A Maltese mother of a beautiful little boy with disabilities is speaking out as her son is not being given access to attend government-run after school services after leaving mainstream schooling and entering a resource centre.
Becky Crossey is the mother of Michael*, a 10-year-old boy with autism, ADHD and epilepsy. Becky says Michael is being denied access to Klabb 3-16, a government programme that supports working parents by taking care of their children outside of school hours.
“They’re not letting me enjoy my right as a working person to provide for my children,” Becky told Lovin Malta.
This situation forced Becky to change her job and even stop her son’s needed therapy since her and her partner were not making enough to cover the cost of therapy.
She said she’s reached out to the government for more support to help give her son the best education and therapy she can – but her pleas are being ignored.
“Therapy costs €100 – €120 a week and I only receive €300 every three months as government assistance – we need more help,” she said.
Becky tried to apply for the national programme Klabb 3-16 so she can continue working as her son enjoys his Christmas holidays off from school.
However, she was told that since he goes to a resource centre (which provides support to students with individual educational needs), he will have to obtain special permission from the Foundation for Educational Services (FES).
And she tried to do exactly that – however, after emailing the relevant person countless times, her pleas for help remain ignored.
She says she’s even contacted the Education Minister Justyne Caruana, but was left feeling like her family’s situation wasn’t being taken seriously.
“We pay taxes, so why aren’t we being allowed to access this service?” she asked.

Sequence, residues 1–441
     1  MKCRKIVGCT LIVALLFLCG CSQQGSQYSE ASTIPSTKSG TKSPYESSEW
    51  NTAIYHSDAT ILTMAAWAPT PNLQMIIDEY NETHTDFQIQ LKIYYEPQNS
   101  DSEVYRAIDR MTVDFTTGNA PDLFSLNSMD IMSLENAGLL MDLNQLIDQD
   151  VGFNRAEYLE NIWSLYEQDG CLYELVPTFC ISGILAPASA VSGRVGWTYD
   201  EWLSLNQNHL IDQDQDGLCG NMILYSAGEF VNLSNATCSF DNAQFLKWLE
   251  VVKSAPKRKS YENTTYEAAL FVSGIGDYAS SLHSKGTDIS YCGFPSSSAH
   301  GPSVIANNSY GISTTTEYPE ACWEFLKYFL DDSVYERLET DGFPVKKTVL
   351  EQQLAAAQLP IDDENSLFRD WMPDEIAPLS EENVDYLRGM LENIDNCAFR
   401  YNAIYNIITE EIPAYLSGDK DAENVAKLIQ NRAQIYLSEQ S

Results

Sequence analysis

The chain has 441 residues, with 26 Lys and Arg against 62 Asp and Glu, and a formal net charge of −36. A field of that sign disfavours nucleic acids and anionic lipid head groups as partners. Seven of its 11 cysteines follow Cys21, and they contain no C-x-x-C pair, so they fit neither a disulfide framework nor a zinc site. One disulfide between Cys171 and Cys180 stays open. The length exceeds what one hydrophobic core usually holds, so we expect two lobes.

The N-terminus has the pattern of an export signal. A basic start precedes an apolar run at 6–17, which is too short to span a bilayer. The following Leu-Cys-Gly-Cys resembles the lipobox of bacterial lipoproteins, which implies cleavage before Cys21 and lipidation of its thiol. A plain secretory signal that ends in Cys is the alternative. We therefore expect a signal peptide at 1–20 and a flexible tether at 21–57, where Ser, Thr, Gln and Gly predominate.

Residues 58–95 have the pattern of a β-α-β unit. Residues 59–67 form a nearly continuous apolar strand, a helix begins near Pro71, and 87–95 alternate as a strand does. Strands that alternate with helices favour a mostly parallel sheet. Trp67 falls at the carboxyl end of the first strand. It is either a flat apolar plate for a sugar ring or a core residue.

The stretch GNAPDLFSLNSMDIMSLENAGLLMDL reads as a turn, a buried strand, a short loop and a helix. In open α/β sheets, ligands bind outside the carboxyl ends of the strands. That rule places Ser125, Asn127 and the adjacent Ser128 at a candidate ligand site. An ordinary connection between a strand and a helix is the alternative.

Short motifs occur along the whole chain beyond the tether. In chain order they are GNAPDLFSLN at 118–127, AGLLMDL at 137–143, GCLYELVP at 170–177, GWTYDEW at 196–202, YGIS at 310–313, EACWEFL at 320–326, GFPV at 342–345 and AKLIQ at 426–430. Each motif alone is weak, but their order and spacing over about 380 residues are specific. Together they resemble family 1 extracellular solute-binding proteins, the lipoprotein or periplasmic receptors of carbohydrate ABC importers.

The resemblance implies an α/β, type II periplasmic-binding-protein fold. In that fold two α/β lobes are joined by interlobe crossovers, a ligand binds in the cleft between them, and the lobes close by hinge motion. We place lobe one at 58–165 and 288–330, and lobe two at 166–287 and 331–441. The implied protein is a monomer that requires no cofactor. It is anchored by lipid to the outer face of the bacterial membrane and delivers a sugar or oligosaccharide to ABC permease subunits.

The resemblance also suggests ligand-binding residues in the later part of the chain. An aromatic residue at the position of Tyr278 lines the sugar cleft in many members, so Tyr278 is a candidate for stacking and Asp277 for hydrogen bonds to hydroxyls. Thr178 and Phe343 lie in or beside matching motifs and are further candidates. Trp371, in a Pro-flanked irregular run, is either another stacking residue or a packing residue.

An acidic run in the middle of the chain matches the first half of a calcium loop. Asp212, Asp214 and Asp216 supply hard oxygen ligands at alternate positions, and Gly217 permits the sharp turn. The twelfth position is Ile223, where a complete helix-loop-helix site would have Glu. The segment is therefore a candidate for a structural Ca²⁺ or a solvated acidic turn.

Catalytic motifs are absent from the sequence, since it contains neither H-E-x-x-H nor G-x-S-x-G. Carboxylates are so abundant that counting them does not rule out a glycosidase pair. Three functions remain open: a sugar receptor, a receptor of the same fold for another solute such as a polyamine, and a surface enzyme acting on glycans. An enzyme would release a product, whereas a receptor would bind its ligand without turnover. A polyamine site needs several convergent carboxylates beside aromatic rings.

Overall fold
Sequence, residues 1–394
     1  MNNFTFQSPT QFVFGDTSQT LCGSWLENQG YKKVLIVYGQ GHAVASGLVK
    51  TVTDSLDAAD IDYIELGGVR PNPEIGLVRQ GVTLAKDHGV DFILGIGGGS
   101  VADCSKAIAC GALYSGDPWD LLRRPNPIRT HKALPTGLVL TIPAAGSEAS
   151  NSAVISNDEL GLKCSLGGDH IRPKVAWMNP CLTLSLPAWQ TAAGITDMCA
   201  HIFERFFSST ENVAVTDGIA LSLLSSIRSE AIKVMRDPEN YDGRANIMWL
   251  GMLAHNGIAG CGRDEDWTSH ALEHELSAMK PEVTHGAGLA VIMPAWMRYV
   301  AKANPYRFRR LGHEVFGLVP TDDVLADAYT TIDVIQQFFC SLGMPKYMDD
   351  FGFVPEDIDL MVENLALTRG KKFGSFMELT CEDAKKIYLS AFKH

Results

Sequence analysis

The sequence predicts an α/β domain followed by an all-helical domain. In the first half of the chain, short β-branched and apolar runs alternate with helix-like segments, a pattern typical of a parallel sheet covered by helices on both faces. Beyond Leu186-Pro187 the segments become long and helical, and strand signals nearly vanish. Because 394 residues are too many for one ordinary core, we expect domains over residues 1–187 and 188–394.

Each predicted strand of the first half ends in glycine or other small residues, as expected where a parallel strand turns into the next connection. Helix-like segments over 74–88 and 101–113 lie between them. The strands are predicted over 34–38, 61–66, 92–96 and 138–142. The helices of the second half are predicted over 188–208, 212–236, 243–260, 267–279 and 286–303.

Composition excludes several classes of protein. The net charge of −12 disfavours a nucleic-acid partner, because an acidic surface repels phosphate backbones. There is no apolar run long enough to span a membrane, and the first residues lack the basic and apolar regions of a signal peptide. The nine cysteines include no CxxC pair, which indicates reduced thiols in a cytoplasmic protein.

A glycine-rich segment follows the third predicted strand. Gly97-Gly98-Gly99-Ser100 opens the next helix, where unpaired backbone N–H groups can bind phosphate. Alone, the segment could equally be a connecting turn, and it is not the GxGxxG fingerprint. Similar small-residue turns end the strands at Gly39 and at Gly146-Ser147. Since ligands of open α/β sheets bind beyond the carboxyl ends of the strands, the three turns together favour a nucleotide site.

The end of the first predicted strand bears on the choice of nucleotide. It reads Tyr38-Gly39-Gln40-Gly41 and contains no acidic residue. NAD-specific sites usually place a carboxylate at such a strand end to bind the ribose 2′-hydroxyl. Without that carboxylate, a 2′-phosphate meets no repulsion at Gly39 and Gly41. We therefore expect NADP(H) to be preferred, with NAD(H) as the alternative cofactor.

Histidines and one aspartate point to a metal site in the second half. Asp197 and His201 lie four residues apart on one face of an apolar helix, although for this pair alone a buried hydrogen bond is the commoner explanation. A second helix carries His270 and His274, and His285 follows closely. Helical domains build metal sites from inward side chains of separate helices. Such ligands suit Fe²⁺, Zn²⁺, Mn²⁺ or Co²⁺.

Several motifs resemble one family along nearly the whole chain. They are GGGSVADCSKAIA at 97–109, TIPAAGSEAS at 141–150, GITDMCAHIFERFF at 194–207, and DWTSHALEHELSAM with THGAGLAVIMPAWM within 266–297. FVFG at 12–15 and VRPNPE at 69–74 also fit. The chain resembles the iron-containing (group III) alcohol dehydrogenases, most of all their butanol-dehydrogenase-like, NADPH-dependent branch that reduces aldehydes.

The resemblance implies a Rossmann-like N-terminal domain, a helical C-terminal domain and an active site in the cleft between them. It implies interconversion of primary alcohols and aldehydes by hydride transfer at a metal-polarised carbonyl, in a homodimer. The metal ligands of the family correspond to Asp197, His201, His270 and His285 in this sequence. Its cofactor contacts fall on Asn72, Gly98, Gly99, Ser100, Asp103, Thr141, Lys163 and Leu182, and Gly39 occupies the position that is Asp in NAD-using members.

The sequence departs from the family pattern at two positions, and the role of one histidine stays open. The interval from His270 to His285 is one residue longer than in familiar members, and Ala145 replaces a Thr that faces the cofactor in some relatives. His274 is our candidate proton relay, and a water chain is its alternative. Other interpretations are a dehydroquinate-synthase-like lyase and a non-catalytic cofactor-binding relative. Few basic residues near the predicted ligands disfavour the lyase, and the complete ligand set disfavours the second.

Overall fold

However, the story didn’t end there.
Her son had no problem accessing these services when he went to a mainstream school, where he was very well taken care of, she says.
The issues only arose when he started attending a resource centre.
According to Crossey, this makes the after-school club’s argument of not having “enough expertise in the field and human resources” to cater to her son sound like a “bunch of excuses that continue to try and segregate children with disabilities”.
In fact, she’s even approached a lawyer who informed her that this may be a case of discrimination.
“We’re just asking for equal rights – they already have kids with disabilities who use these services, so what’s the problem with kids from the resource centres?” she asked.
“They’re excluding these kids from programmes where they just play. Here in Malta, education is failing and there’s no inclusion whatsoever.”
Till now, Becky’s only gotten help from Aġenzija Sapport, who have limited resources and can’t help every family.
There are hundreds of other parents who are experiencing the same problem, according to Becky.
According to Crossey, so many parents have had to stop working, reduce their hours or leave their kids with grandparents who keep getting older and won’t be able to help forever, thus creating a “vicious cycle” which leaves parents without help or a sustainable job.
To make it worse, Becky and her husband have started considering sending their son back to a mainstream school, which they fear will only confuse him and make learning harder for him.
However, as she explained it: “I’m choosing whether I should put food on the table or give my child the education he needs”.
Becky is part of National Parents Society of Persons with Disability which is an organisation in Malta that caters for the needs of people with disability and their families.
Do you think parents of children with disabilities need more support in Malta?